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Pop Art: Aesthetics of consumption

“American Supermarket” at Bianchini Gallery in 1964.

The “American Supermarket” at the Bianchini Gallery in 1964 celebrated a pivotal moment in art history. At first sight, the space seemed to have been transformed into a supermarket. However, in reality, it was an exhibition showing the works of several Pop artists such as Robert Watts, Tom Wesselmann, Claes Oldenburg and Andy Warhol. As one of the first exhibitions that confronted the public with Pop art and the eternal question of: “What is art?”, it further introduced new icons. The appropriation of commercial imagery such as logos and advertising language represented a rapidly growing consumer culture and at the same time illustrated the vulnerability of a seemingly affluent capitalistic society in times of global distress.

When Mimmo Rotella started to tear down posters in the streets of Post-war Rome in 1953, the artist invaded a space that had been radically transformed since the war. A space where previously news bulletins and reports from the war were made accessible to Rome’s citizens, the rapid economic expansion introduced a new type of media and consumer culture to the public space. Rotella became fascinated with the presence of vibrant imagery ranging from film advertisements to the promotion of household consumer products. Similar to the “Affichistes” in France, a movement that Rotella is often associated with, the artist aimed to present a new reality reflecting the dreamy landscape of the city and urban life. At the time, a radical intervention as a counter medium to painting, these artistic activities of the early 1950s have been credited as trailblazing, foreshadowing Pop art and Street art.

Mimmo Rotella in front of an Artypo in 1967.

Mimmo Rotella in 1975 at the printer shop.

While the production of the décollages, fragments of layered and torn posters applied to canvas, made Rotella famous during these years, the artist sought a new technique in the early 1960s. Art critic Pierre Restany recalled that the artist showed him his first “reportages”, photo emulsions, in 1963. There is not much known about what might have triggered Rotella to explore a new medium. He is quoted to have said: “I felt the need for renewal, for the discovery of something new, and out of this came the reportage.” The technique of the photo emulsion offered the artist a unique representation of the subjects he was interested in. Within art history, we find ourselves at the very beginnings of Mec-Art, another movement that Rotella was a leading figure of. Mechanical art production and the parallel developments of New Dada, Nouveau Réalisme and Pop-art represented an evolution in the arts which introduced a new visual language sourced from advertising and the mass production of consumer goods. Rotella’s photo emulsions allowed the artist to depict reality in the most direct form to photographic transfer, emulsified on canvas. The subjects captured are countless images ranging from film, popular culture, politics, religion to adverts. They all share a common factor, recognisability.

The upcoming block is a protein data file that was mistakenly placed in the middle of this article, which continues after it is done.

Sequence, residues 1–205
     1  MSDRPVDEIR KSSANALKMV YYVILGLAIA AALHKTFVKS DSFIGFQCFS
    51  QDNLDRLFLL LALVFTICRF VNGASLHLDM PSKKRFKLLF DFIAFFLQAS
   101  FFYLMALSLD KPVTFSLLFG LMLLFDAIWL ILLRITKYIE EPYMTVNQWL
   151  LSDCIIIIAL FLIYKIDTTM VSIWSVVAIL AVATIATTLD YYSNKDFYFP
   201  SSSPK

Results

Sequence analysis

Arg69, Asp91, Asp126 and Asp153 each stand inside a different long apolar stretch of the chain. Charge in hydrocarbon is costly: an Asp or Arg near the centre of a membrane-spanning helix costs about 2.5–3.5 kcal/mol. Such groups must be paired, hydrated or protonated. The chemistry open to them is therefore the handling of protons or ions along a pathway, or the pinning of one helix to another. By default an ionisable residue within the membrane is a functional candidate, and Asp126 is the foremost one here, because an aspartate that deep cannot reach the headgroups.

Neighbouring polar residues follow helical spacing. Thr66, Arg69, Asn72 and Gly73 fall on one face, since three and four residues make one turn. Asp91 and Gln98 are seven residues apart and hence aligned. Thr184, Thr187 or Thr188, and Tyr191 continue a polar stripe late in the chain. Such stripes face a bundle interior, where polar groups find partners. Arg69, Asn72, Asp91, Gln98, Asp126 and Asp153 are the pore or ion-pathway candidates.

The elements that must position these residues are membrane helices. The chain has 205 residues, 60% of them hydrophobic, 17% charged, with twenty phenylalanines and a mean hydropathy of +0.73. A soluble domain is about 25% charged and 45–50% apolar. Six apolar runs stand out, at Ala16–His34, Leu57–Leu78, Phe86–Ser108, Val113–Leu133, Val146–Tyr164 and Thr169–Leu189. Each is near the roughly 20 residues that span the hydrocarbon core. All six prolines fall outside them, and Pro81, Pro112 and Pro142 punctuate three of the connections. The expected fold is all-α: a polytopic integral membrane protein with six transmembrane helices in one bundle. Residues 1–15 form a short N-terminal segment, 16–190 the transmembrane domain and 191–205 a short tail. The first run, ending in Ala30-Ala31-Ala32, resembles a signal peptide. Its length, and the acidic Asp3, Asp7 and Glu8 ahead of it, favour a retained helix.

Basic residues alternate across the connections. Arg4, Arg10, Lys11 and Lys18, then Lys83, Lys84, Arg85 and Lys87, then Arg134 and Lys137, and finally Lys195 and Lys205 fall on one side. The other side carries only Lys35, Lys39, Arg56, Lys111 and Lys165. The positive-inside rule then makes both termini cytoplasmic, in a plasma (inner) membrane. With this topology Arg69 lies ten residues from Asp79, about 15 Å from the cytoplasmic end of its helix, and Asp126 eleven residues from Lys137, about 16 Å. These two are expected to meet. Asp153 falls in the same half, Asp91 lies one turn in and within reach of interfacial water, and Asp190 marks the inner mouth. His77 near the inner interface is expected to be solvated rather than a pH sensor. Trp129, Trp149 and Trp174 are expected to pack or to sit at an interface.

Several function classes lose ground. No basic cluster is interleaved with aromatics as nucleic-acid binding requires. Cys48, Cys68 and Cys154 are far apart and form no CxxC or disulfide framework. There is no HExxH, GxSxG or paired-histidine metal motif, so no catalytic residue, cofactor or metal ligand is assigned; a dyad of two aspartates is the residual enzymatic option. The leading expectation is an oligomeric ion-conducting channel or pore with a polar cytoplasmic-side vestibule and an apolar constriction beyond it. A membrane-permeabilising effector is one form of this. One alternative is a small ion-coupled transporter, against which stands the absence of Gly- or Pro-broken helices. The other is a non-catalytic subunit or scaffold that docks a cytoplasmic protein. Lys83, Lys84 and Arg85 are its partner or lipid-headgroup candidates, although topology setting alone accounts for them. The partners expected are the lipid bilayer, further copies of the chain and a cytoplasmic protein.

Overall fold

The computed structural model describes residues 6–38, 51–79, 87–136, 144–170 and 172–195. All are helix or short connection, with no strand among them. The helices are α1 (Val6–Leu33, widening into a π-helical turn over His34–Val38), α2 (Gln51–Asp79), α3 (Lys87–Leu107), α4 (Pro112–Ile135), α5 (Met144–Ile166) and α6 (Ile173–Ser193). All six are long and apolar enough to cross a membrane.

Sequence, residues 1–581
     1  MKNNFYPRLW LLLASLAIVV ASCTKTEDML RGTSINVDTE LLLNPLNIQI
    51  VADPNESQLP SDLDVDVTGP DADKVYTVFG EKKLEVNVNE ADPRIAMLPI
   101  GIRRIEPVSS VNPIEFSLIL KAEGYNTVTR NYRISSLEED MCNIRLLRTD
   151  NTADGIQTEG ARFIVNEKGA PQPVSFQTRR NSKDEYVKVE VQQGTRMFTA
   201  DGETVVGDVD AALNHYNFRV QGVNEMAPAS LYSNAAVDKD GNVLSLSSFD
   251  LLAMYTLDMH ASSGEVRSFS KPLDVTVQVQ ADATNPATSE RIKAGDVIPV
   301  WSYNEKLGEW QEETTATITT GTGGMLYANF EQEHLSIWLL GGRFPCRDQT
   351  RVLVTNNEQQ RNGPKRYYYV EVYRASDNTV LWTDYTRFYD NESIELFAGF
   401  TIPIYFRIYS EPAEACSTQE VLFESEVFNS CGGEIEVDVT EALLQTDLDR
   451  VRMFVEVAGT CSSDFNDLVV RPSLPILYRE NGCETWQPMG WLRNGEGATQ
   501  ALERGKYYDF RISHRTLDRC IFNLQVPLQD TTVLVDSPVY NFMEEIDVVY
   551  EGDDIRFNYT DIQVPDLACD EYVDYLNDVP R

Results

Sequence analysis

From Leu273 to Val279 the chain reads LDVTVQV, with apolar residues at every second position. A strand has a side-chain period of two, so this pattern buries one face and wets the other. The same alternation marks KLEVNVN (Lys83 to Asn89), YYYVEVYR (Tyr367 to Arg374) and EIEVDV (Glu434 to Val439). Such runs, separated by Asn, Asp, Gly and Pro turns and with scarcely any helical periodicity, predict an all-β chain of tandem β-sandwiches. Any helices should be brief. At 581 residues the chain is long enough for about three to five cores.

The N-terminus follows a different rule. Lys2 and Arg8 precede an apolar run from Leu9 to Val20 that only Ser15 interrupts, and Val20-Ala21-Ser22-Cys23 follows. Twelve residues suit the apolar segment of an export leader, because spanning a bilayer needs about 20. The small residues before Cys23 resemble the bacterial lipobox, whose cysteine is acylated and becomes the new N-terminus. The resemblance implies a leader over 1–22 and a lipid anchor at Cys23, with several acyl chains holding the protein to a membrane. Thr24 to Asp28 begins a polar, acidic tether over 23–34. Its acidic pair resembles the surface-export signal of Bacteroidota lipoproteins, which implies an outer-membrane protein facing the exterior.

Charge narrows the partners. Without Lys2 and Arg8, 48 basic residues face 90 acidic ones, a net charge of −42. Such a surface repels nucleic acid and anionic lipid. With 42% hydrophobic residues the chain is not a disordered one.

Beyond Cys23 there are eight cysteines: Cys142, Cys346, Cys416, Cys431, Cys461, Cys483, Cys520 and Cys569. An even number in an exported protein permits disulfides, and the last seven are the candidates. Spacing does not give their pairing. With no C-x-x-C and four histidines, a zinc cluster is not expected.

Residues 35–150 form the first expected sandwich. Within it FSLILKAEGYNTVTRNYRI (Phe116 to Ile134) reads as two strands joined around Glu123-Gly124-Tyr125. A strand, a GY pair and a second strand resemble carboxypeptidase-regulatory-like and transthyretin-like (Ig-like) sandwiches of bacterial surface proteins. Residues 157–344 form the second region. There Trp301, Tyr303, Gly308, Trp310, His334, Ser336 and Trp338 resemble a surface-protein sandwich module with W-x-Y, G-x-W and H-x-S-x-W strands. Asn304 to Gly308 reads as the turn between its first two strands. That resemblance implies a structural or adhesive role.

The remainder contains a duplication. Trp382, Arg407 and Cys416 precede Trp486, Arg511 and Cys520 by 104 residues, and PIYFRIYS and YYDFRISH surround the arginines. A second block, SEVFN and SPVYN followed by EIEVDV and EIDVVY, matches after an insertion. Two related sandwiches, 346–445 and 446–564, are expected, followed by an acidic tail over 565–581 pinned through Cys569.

With the development of the artypo in 1965, Rotella discovered another technique that would further assert his place within the Mec-Art movement in Europe. In contrast to the photo emulsions, this practice directly appropriated the printing proof sheets utilised at the commercial printers for the production of street advertisements. Reducing the artistic intervention to a minimum, Rotella produced directly from the distributive source of consumer culture. In Rotella’s artypos, several stylistic elements play a vital role in evoking the commercial properties present in the mid 20th Century. Repetition, reproducibility and recognition were all formal elements that the artist appropriated within the compositions. Some of the works juxtaposed several different image sources creating new meaning and space for interpretation. Often single fragments are isolated and centred on the surface of the works, other times the back of the artypo will reveal a layer not visible on the front of the work at all.

Mimmo Rotella, Bilama, 1975.

Mimmo Rotella, Brindisi, 1966.

Ranging from a complete abstraction of adverts to the full representation of logos and typography the artypos explore the landscape of advertisement and consumer manipulation that the public was arguably more aware of at the time. Here Rotella played with the iconography the artist was very well known for through his décollages which presented films icons of the time such as Marilyn Monroe. With the artypo however the signifiers became less dominant and hierarchies between image and meaning vanished, fully realising a pure and neutral realisation of an art “object”. Restany defined this body of work as “ready-made sur-image”, that through the actions of appropriating existing imagery created its own “super-image”. The art critic also referred to Rotella as “the first purely plastic artist in contemporary printing”. In this essence, the artypos reflected the spirit of the time, reflecting a new “plastic” aesthetic, mirroring consumer society.